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USDAA Message

A letter from USDAA president Kenneth Tatsch.



Looking down the road, we have two judging clinics coming upone in Maryland, July 16-19, and one near Sacramento, California, July 23-26. I hope everyone will consider these opportunities to up your game. Whether you aspire to be a judge or not, these clinics are a great way to learn what's involved in judging, from course design to interpretation of the regulations. An examination is offered at the end of the clinic for those who wish to advance themselves as judges, and those who dont wish to go through the examination are welcome to run their dogs in the match held for those applicants who are testing.

We are often asked what characteristics are necessary to be a judge. Some attributes described by past applicants and judges on their applications include having integrity, being organized, efficient, honest, confident, personable and "cool under stress." They also commented that a judge must enjoy learning and meeting new people. Of course, stamina and enthusiasm are necessities, and a touch of humility is good too. Anyone who has been running a dog certainly knows what that means. The best judges will find they are lifelong students of the game, learning from their experiences week-in and week-out.

As for why someone would like to be a judge, I can't say it any better than a couple of applicants who are now judges. One wrote, "Judging will give me the opportunity to stay active in the sport, and I feel, provide me with more insights and perspectives on the sport." Another says, "I spend most of my free time thinking about this addictive sport. So why not put some of this time to more constructive and better use designing courses and judging USDAA trials?" And a common statement among many judges: "I want to give something back to a sport I am privileged to be a part of."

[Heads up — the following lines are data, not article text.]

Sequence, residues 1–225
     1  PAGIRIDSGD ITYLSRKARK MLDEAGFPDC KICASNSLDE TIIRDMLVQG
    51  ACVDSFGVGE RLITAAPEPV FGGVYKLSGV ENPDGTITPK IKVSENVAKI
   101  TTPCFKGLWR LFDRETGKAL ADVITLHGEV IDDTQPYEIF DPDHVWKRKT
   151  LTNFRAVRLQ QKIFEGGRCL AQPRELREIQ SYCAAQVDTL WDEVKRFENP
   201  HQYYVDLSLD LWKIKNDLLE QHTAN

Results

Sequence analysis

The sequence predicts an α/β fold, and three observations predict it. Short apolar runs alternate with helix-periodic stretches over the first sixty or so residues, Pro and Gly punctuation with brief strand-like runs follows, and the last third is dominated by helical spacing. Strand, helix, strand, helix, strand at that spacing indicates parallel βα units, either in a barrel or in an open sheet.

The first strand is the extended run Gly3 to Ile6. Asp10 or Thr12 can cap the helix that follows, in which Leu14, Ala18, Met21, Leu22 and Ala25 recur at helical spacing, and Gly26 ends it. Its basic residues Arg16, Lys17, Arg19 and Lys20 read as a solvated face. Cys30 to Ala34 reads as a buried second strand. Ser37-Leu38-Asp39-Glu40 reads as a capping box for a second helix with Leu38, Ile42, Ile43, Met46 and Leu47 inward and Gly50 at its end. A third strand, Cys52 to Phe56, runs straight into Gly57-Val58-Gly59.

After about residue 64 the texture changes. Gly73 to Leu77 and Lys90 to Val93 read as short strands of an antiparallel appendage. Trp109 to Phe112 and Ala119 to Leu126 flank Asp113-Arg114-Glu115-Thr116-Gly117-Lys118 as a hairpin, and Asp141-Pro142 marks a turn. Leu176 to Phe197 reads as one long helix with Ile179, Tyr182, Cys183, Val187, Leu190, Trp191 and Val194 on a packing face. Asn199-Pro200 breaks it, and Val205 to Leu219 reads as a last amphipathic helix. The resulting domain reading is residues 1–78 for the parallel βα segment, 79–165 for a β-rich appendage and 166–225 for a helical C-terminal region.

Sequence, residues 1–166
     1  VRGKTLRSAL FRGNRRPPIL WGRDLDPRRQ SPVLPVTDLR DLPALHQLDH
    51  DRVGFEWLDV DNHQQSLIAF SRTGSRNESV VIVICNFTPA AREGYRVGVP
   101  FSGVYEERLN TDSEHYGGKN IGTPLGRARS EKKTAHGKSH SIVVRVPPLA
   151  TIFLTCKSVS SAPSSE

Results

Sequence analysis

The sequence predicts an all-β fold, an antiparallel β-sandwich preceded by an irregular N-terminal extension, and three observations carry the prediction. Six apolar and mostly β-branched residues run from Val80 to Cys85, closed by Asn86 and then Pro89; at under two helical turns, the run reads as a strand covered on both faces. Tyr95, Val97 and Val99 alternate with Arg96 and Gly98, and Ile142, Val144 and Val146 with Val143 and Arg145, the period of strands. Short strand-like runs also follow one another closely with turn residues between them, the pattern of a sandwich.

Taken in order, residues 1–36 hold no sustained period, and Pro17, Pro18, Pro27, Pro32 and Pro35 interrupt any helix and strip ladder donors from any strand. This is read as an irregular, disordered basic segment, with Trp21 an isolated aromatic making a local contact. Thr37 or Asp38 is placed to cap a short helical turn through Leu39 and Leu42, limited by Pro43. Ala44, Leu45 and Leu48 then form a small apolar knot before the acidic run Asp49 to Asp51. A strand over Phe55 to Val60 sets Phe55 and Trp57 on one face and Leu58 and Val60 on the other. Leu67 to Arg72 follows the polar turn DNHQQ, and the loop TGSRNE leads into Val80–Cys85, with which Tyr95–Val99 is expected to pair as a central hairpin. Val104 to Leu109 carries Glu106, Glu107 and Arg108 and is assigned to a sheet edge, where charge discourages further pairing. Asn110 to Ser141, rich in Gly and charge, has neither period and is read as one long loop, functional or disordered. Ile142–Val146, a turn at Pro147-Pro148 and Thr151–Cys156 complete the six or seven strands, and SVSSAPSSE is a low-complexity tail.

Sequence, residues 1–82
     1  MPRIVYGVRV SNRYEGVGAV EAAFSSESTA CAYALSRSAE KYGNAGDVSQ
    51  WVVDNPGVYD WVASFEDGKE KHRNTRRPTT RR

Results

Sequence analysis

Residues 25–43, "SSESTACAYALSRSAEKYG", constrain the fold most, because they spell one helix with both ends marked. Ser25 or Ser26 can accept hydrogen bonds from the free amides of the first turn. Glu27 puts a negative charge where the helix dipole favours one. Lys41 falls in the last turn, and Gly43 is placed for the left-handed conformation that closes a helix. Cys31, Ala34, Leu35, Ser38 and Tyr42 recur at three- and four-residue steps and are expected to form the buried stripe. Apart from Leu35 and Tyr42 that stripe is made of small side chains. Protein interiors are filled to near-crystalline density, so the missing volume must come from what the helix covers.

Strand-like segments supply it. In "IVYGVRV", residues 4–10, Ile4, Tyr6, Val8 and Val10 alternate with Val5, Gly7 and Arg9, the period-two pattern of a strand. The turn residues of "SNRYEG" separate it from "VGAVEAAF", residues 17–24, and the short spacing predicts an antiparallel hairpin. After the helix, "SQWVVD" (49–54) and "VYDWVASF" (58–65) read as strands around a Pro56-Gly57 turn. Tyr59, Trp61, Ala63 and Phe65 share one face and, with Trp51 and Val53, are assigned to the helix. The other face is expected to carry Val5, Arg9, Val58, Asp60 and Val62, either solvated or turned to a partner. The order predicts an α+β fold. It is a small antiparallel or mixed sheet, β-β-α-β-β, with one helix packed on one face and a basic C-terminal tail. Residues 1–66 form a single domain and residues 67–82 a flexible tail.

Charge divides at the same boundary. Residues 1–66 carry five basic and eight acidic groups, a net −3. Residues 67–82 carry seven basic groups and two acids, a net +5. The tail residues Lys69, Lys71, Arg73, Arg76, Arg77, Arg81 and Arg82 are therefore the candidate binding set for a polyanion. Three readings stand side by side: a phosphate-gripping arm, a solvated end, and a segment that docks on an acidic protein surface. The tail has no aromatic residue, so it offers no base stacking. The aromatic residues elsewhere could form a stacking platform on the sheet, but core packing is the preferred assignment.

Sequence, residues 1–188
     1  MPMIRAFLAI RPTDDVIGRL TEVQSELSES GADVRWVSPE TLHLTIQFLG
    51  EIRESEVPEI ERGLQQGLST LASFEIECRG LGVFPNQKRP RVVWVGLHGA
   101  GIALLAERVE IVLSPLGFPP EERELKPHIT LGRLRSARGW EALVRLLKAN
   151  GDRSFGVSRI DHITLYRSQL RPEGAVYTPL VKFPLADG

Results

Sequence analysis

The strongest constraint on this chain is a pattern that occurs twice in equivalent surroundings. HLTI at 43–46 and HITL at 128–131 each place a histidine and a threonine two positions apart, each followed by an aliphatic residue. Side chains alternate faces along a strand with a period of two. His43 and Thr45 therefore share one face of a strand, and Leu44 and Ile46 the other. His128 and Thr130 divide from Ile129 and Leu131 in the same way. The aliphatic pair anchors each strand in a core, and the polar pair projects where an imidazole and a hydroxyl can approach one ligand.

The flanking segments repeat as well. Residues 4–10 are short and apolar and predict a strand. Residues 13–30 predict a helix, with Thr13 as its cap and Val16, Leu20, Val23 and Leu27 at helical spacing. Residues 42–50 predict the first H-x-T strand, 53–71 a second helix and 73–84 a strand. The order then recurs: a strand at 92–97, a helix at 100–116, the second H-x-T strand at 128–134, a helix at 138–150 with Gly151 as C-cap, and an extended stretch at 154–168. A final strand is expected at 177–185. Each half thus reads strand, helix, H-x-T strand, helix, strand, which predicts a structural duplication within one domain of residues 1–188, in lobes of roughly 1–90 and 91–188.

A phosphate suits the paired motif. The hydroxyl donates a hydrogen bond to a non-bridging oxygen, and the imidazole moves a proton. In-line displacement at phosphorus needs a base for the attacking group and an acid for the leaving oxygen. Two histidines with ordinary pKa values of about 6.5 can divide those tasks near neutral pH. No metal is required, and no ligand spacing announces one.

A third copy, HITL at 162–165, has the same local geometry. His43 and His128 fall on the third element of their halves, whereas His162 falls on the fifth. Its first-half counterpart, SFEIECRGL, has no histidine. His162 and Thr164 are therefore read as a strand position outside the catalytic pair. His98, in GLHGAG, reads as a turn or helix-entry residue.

Of course, for those who may have never given it a thought, consider, too, that it may help in training and performance to know what the judges know. It is all very useful information in understanding the premise of dog agility and formulating realistic expectations. I can't recall any occasion where someone, whether certified for judging or simply attending for information, didn't leave saying it was a beneficial experience. Give it some thought and mark your calendars - we look forward to welcoming you to one of these clinics.

On a separate note, I want to thank A.C.E. Agility Club for their hospitality at their 25th anniversary show last month. It was indeed a pleasure to reminisce with long-time and newer club members while watching dogs run. It was a great event on a beautiful weekend outdoors.

In that same vein, everyone will want to try to join in the festivities with Keystone Agility Club as they celebrate their 25 years as a USDAA affiliate at the upcoming Mid-Atlantic Regional Championships in June.

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